No rest for the wicked – NT Climbers set off before dawn to battle the crag!
A flash of red veered left blurring as it entered a thicket. Out of the window, to my right, I saw a glimpse of white around a pillar of rocks. The three cars weaved in and out, around obstacles and over blackened mud, each seeking a path to the twin towers.
It was now 7am, and time to climb.
Left lay a scrappy pinch and a pocket. *bah*. My eyes focused ahead of me. The ledge. My goal.
Chalking my hands I noticed a series of tiny crimps veering off up to my right. Hmm decisions. I re-positioned my feet and moved for the left pocket.
*too shallow*. My hand retreated back to safety. Oh hardy ha. Pretend to be pocket. Damn you cliff. To the crimps then. Right, left. Yep yep yep c’mon!
Five minutes later, having gained the ledge, I hung awkwardly half stuck out of a small chimney like a cat caught with its head in the cookie jar. My rope was completely stuck and I was loudly cursing my luck. Meanwhile on the other side of the twin towers, Ryan and Fin had powered up and begun building a nest that would have made six tonne cuckoo jealous. Fixing the anchors, top ropes were thrown down and the beginners got to work transitioning from the gym onto real rock.
From then on, ropes were flung everywhere and numerous climbs conquered. Particular mention goes to the beginner team of Bree, Mel, Dan and Brendan who conquered the blunt aręte and to Bree and Brendan who then went on to successfully climb Al Colads, a tricky 17 on the left tower. Whilst all these shenanigans were taking place, on advice from Chris (Macca), I snuck around the back to find a future climb.
Imagine an almost blank face of rock, slightly overhanging the entire way, only marked by shallow scars and a few measly pockets. It looked hard. I tried the first couple of moves which were by far and away the easiest and it was difficult. Just looking at the sheer blankness and overhanging nature, leading would have to go at the deep 20s.
Whilst I was checking out this blank face, Macca (after decking out earlier due to choss holds) regained some of his self dignity by working out an impressive right hand variant on the aręte. This involved a nice overhang, previously avoided by the other climbers.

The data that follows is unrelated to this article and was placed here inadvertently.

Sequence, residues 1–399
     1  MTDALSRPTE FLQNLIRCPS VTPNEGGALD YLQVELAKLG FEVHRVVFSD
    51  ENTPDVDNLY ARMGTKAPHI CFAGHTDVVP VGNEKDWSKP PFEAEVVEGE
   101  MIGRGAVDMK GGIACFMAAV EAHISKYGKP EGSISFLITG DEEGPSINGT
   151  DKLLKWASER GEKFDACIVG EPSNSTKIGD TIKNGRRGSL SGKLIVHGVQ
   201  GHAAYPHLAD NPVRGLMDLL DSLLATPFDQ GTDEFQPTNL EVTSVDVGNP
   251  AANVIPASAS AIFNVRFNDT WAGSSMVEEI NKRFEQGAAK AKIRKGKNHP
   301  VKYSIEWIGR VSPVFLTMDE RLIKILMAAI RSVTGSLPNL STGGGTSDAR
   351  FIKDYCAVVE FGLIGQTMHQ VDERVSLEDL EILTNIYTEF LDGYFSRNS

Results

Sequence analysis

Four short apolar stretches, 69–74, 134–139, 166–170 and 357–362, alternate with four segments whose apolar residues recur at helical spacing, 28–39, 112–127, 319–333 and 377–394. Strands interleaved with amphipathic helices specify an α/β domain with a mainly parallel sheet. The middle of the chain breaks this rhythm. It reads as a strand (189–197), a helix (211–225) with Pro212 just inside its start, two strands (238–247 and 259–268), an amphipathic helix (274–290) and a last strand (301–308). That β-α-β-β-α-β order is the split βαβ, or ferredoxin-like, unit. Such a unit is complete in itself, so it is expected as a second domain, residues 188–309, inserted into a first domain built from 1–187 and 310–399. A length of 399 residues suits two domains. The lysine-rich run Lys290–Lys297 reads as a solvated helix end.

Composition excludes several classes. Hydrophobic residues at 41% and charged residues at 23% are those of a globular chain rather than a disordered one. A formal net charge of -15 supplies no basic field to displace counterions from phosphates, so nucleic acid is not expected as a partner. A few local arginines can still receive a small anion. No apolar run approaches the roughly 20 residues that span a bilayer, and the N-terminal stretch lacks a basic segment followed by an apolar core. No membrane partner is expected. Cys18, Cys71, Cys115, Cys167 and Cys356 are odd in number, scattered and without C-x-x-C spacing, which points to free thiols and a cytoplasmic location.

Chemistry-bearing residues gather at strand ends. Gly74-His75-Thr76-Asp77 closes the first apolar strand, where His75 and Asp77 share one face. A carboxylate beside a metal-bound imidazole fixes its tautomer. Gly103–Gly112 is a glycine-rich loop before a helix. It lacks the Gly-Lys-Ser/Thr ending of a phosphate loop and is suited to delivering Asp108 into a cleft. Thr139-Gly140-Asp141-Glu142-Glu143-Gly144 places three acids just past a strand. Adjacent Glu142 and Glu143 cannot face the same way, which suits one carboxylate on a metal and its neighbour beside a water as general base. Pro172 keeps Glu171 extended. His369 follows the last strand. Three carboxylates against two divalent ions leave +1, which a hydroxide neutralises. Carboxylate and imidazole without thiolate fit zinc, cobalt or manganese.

Climbing continued and our number was reduced as Dan, Missy (the climbing dog), Mel and Sam headed back to Darwin. With the day moving on, Fin and Ryan got busy leading the two climbs on the rear side of the tower. Unsure of the ratings, initial comments of “evil” and “@$%! Hard” lead me to believe it was about a 10.
Ok maybe a 20.
Skirting the tower I stumbled across a slightly diagonal crack that naturally flared towards the top. A bit of an overhanging start proved a concern but I was confident that I could successful trad climb this route. It was my first trad climb!
Left hand up.
Ok ok, gotta place pro.
How do I do that again. Oh right
Green one??? Nope… Gold one…. Yep. Pull pull.
Ok don’t want to fall on that one. Next hold
Right hand. Left foot.
Ok another piece. Oh crap I’m stuck.
I topped out. It was an interesting climb, not so because of the moves ( I knew I could climb it) but more so because of the mentality that goes with actually relying on gear I’ve placed. I hate falling on lead. It is a strange sensation the clash of forced calm and adrenaline.
With the sun beating down on our tired limbs we made haste towards Robin Falls and the unfurling of the slackline which was kindly donated by Climbing Anchors. The slackline, to summarize was pretty awesome. Strangely addictive for something which seems to have the sole vengeful goal of throwing you off, I couldn’t help wanting to keep having goes. A beer at the end of the slackline motivated Ryan to make an impressive run before he succumbed to the gibbon. With eerily resemblance to an actual Gibbon, Fin was the first person to make it across putting all us mere mortals to shame.
With our feet hurting and our egos bruised by the unforgiving slackline we headed back north and into darkening skies. Soon it began to rain, another reminder of the coming wet and the hibernation of outdoor climbing until the coming of the dry in April/May.
- Latest Trip Report provided by Scott Cann
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